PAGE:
Leading classes, and national conversations, on care and the therapeutic arts

Caren Beilin and Victoria PapaAssistant Professors of English and Communications Caren Beilin, left, and Victoria Papa, right. 

MCLA faculty members are working to bring topics around care to museum-goers at the same time they’re leading classes on care and the therapeutic arts, helping students develop empathy and critical thinking. In fact, they’re being recognized nationally for their work, which offers a wide array of justice-oriented education and community resources.

Victoria Papa and Caren Beilin, both assistant professors of English and communications, overlap in areas of expertise—Papa studies the intersections between care, creative expression, and the survival of structural forms of trauma, while Beilin’s recent book “Blackfishing the IUD” explores reproductive health and the IUD, gendered illness, medical gaslighting, and activism in the chronic illness community. 

Papa co-directs CARE SYLLABUS, a program in partnership with MASS MoCA, which presents modules guest-curated by interdisciplinary artists and scholars who highlight artistic expression, activism, and thinking around the history of care and the way our societal attitudes around care are shifting. Beilin sits on its advisory collective, along with several other MCLA professors and museum professionals. CARE SYLLABUS has developed themed modules and in-person and virtual events since fall 2020, covering everything from the displacement of indigenous objects from their peoples to disability justice. Its next module, curated by Rizvana Bradley of UC Berkeley, will be released in November 2021.

The arts and culture world is taking note: A special themed issue of Art in America, a prestigious national magazine, mentioned CARE SYLLABUS in an overview of the history of therapeutic arts and included a feature on Beilin’s work. The CARE SYLLABUS team has received invitations to speak about the project at the National Gallery of Art in Washington, D.C., the California School of the Arts, and the Isabella Stewart Gardner Museum in Boston, among others.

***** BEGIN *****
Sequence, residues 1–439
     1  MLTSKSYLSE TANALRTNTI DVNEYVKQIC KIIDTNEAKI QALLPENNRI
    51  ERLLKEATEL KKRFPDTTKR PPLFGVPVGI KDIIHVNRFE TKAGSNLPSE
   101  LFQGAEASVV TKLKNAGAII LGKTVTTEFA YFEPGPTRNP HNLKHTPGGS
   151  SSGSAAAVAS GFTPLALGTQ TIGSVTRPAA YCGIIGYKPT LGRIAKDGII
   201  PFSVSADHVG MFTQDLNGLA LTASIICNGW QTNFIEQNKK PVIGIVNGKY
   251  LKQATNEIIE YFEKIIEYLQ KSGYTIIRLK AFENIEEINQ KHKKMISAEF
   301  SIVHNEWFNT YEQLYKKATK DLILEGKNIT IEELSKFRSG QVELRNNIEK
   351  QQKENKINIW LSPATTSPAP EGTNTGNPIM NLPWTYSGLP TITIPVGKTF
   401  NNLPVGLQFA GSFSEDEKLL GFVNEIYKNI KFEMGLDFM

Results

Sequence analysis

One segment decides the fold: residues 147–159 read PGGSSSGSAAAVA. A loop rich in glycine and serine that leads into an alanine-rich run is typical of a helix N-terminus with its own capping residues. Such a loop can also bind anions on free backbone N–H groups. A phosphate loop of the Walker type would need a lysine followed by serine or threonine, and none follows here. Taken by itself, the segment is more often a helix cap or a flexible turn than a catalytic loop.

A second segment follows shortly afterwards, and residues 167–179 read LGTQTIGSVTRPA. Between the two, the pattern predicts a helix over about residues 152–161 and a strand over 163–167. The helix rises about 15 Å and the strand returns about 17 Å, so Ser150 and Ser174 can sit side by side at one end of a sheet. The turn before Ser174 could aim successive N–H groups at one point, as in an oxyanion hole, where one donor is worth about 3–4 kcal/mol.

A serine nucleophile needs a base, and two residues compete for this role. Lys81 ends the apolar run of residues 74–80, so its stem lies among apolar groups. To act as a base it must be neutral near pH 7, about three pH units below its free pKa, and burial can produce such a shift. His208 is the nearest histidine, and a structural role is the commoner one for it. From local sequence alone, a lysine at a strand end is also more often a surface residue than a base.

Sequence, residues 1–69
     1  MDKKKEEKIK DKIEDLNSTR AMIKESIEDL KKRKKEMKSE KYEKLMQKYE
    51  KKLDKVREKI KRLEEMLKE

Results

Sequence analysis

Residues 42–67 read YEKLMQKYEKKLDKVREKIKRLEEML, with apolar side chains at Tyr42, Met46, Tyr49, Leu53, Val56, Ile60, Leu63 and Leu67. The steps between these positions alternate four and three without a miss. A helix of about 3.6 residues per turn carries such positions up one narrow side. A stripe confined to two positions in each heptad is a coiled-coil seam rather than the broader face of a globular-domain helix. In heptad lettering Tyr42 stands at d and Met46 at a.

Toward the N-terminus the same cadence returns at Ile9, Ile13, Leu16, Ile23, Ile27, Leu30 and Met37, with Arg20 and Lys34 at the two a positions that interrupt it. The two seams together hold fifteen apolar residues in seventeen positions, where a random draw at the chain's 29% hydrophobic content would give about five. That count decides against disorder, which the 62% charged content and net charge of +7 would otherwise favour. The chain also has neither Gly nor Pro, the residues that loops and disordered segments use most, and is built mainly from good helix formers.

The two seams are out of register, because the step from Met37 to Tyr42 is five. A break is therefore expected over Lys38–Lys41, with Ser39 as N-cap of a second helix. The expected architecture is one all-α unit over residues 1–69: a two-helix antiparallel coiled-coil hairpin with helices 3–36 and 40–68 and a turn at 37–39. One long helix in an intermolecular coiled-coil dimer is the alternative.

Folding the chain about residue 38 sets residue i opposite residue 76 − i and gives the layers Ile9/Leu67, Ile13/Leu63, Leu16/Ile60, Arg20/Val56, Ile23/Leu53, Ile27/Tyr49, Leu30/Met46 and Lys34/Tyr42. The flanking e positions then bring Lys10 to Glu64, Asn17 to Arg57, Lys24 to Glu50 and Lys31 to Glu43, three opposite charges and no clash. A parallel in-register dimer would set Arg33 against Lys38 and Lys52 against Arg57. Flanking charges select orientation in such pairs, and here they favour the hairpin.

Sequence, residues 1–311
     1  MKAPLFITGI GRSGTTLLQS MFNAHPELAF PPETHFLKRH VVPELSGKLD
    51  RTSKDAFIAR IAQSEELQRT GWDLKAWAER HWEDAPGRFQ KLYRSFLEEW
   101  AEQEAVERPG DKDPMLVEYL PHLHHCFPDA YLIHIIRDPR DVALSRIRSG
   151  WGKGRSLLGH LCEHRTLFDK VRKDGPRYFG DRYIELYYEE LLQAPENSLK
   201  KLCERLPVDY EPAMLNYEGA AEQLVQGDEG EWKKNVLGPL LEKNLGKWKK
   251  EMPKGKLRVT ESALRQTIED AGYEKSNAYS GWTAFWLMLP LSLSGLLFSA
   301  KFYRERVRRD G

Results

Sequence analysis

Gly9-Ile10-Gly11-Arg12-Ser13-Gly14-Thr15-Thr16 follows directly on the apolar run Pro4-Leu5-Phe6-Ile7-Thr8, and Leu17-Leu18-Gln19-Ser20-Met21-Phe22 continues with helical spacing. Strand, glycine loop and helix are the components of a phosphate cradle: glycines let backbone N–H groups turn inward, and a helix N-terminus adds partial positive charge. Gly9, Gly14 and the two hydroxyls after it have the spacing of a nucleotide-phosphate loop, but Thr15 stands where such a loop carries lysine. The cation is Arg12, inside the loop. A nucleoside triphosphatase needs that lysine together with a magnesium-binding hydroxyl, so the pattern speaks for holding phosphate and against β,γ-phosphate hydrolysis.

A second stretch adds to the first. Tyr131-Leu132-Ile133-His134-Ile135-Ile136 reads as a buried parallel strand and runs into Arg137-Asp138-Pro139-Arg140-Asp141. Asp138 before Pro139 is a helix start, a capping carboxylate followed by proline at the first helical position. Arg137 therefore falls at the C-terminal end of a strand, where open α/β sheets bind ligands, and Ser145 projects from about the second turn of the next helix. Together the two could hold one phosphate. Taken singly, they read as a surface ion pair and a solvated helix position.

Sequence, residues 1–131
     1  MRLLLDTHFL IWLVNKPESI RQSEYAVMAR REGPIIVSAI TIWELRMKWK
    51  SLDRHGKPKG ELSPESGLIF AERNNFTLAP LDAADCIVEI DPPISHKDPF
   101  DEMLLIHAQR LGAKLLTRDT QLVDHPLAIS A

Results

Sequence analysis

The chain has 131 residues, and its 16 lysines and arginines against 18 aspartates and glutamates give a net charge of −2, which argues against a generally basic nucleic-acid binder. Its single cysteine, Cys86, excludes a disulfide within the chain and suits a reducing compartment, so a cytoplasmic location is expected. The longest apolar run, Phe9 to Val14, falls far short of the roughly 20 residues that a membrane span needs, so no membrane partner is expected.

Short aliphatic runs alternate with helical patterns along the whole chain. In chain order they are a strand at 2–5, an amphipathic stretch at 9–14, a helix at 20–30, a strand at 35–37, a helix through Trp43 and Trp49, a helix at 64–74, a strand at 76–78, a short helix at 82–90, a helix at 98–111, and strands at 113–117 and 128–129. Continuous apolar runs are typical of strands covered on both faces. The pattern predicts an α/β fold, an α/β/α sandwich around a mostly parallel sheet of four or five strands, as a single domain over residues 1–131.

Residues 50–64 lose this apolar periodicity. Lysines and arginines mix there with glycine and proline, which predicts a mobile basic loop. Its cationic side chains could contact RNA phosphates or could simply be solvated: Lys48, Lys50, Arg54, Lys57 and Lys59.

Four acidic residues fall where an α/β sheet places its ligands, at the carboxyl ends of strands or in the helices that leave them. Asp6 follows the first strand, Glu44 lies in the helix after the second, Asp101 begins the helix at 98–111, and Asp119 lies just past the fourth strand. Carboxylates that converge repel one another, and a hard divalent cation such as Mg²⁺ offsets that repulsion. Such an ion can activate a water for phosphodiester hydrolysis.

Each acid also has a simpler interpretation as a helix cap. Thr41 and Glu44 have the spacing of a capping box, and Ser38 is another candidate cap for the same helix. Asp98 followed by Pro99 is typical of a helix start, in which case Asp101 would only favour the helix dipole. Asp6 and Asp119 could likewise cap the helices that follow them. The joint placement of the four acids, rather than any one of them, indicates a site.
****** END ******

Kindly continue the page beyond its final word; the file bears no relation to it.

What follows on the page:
“Several museum organizations are interested in this model of collaboration between a museum and institution of higher ed,” said Papa. “I think it really positions us well to center that expertise in our curriculum and through other kinds of programming and initiatives at MCLA. There are exciting possibilities for interdisciplinary work.”

In the classroom, courses like Narrative Medicine and Creativity and Survival task students with analyzing their experiences with the American health care system, or learning how creativity can be a way to deal with personal and social trauma. 

“Many of our students identify as being anxious, depressed, or in other ways chronically ill,” said Beilin. “Our students are already experts in the American medical industrial complex in the sense that patients (or in some cases workers in this system) become experts in these things. Like anybody living in this country, our students have personal engagement with a really complicated thing—and many of their experiences highlight the for-profit nature of this system. Narrative Medicine, a creative writing course I offer, gives space for that witnessing, storytelling, agency, and even information sharing.”

The act of analyzing care and medicine during a pandemic brings new questions to light. “Care work applies to the structures and systems within society,” said Papa. “Through the continued work of CARE SYLLABUS, we’re reflecting on institutional structures—both their potentials and limitations. What does the relationship to care look like for academia and museums? How do we care within the frameworks allotted to us as educators? What are connections between care, student life, and social justice? We’re questioning what it means to be doing this work within our respective positions and institutions.”

Beilin and Papa also know their students—and the wider world—are interested in reflecting on these themes. “Especially for people who go into medical professions, there’s such an interest in having a holistic education, a humanistic approach to care,” said Beilin. “And this generation of students will question, and change, everything. It only makes sense for us to be providing more tools for a humanist and critical approach to these systems.”

Learn about CARE SYLLABUS at https://www.caresyllabus.org.